For Schmitt, the literary approach provides an apt diagnostic method to seek out the problems of law and politics. His interest in motifs and images is consistent and long lasting. His 1923 essay “Roman Catholicism and Political Form” considers forms of political representation, and his 1938 book on Thomas Hobbes’ Leviathan interrogates ideas of political symbolism. He wrote his major works during the Weimar period, namely Political Theology and The Concept of the Political (1932). Schmitt published articles defending the Nazi Party from 1933 to 1936, after which he was ousted due to intellectual differences and internal criticisms. Using literary forms to distance himself from his National Socialist affiliation, he crafted a childlike fable of history, Land and Sea (1942). Many of his intellectual concerns came full circle. He wrote his 1910 university doctoral thesis in criminal law on guilt and returned explicitly to this theme in his Shakespearean critique Hamlet or Hecuba (1956). This marked a body of thought preoccupied throughout by aesthetic considerations, translated into subjects of sovereign decision, states of exception, and the concept of the political in the Weimar period.
This is to suggest that throughout his life, Schmitt never loses sight of the literary scene. This allows for consideration of a broad range of literary figures. Melville and Conrad produce ill-defined anticipatory symbols in their writings. Reading Schmitt’s later work on Nomos and the katechon encourages comparison with Beckett. His attempts to reconcile ideas of sovereignty and anticipation are suggestive of Schmitt’s permanent anxieties about the liberal, technocratic desire to record, document and accumulate details. These processes undermine the visibility of the sovereign decision and the clarity of political life. About contemporary analogies of the state, Schmitt writes:
It may be left open what the state is in its essence—a machine or an organism, a person or an institution, a society or a community, an enterprise or a beehive, or perhaps even a basic procedural order. These definitions and images anticipate too much meaning, interpretation, illustration, and construction (2007: 19).
Beckett, a very different sort of modernist writer to Melville and Conrad, blurs further the function of analogies and anticipatory symbols. Beckett depicts the futility of too much meaning, interpretation, illustration and construction. In works such as Waiting for Godot (1953), through to lesser-known short fictions such as the 1030-word “Ping” (1967), Beckett gestures towards the unknowable qualities of the future. These gestures suggest guesses, form possibilities and indicate ominous threats; together these elements constitute an inhibited epistemological effort, an attempt of literary detail, and a distinctive aesthetic method, which renders anticipation within symbolic spaces while destabilizing their surrounding contours.
The symbol or figure of the katechon, originating from St. Paul’s Second Epistle to the Thessalonians, denotes the great restrainer that is able to hold back the Anti-Christ. Schmitt’s post-war development of the katechon concept, which he retrospectively applies to his early theories of sovereignty, can be brought to bear in discussions of Beckett’s works, which contain comic and forlorn undertakings of presumed authorities and messiahs. Ambiguities of mid-twentieth century cultural life redefine the sovereign decision, which now includes the decision to do nothing: to commit no action. Paralysis is key for Schmitt’s understanding of the katechon, particularly “[t]he belief that someone or something restrains the end of the world is the only explanation which reconciles the eschatological paralysis of all human efforts with the historical greatness like that of the Christian Empire of the German kings” (2003: 60). The purpose of Schmitt’s amorphous katechon is to delay and engender anticipation of the Second Coming. This suggests the innate value of ostensibly melancholic waiting; the katechon lends agency to what appears to be stasis.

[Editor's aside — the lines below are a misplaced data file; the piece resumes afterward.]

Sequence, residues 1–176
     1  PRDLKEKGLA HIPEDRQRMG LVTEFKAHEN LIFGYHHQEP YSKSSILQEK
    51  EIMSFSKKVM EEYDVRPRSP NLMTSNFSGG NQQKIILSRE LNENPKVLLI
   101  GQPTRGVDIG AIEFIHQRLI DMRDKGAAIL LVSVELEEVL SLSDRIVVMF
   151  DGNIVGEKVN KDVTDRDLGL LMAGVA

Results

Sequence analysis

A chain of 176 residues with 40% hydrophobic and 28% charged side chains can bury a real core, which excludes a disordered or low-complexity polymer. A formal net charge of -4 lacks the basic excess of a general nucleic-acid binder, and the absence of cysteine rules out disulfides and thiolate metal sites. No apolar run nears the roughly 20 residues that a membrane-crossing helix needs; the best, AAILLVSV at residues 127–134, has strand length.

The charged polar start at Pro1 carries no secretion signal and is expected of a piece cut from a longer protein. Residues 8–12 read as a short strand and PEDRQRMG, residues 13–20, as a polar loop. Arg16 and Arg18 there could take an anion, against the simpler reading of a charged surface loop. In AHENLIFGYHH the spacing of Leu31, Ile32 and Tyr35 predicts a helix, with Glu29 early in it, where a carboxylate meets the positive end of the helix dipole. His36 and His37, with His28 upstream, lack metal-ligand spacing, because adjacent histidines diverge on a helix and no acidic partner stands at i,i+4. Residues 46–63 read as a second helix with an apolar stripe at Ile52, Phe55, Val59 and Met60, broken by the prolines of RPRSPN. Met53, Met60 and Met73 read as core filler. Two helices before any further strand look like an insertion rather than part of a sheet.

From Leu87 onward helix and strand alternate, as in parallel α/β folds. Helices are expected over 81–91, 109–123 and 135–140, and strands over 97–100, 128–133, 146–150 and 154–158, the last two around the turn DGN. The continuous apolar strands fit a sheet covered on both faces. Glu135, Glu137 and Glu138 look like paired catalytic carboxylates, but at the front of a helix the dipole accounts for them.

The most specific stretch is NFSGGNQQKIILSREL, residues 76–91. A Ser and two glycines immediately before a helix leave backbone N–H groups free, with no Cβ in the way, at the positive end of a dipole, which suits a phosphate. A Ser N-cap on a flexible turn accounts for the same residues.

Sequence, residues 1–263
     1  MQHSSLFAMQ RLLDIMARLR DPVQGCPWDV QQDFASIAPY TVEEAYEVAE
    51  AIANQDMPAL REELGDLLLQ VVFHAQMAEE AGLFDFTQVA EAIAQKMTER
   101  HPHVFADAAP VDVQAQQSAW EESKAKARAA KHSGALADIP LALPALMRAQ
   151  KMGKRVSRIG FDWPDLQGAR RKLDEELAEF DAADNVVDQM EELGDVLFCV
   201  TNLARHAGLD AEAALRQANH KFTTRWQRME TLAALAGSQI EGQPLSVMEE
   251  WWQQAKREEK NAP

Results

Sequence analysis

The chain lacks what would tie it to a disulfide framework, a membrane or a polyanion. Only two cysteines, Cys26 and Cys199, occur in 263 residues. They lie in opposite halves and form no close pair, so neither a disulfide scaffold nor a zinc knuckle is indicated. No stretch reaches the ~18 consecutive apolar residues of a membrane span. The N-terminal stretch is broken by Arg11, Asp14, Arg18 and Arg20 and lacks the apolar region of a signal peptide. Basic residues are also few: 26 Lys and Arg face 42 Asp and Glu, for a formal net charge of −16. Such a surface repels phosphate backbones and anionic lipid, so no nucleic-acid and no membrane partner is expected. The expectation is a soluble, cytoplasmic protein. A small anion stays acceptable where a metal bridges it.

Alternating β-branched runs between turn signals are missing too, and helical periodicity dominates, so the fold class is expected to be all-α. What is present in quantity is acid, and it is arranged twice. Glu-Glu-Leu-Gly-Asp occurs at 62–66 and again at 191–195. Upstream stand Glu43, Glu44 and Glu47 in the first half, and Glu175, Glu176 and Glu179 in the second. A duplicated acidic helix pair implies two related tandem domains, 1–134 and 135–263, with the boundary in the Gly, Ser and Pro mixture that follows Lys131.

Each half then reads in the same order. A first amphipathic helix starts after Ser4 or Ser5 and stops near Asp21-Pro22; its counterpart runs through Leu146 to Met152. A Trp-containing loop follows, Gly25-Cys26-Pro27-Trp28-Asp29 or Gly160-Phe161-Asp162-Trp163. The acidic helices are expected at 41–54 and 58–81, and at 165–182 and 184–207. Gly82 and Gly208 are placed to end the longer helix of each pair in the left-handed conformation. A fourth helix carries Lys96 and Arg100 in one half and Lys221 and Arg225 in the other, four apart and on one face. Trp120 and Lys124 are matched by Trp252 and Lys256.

Schmitt’s literary method is bound up with his use of the katechon. One of his final published works, Political Theology II (1970), which cites negative influences ranging from Goethe to Brecht, “presents a certain literary obscurantism with references made to arcane sources, oblique hints, suggestive undertones, double meanings, crafted ironies and symbolic figurations” (2008: 3). Michael Hoelzl suggests more comparisons with Beckett: Waiting for Godot is “a truly political book” because the decision not to act, as depicted through Vladimir and Estragon, is fundamentally political. In turn, the time that occurs between inaction and action is defined by anticipation, which must be theorized by the katechon concept. As Hoelzl notes, “[t]he katechon is the only possible explanation to bridge the gap between the paralysis of all human efforts and innerworldly ambition. The katechon defines the space between the radically spiritual and the purely political” (2010: 99, 108). How, then, do Beckett’s aesthetic sensibilities function within this polarized symbolic space?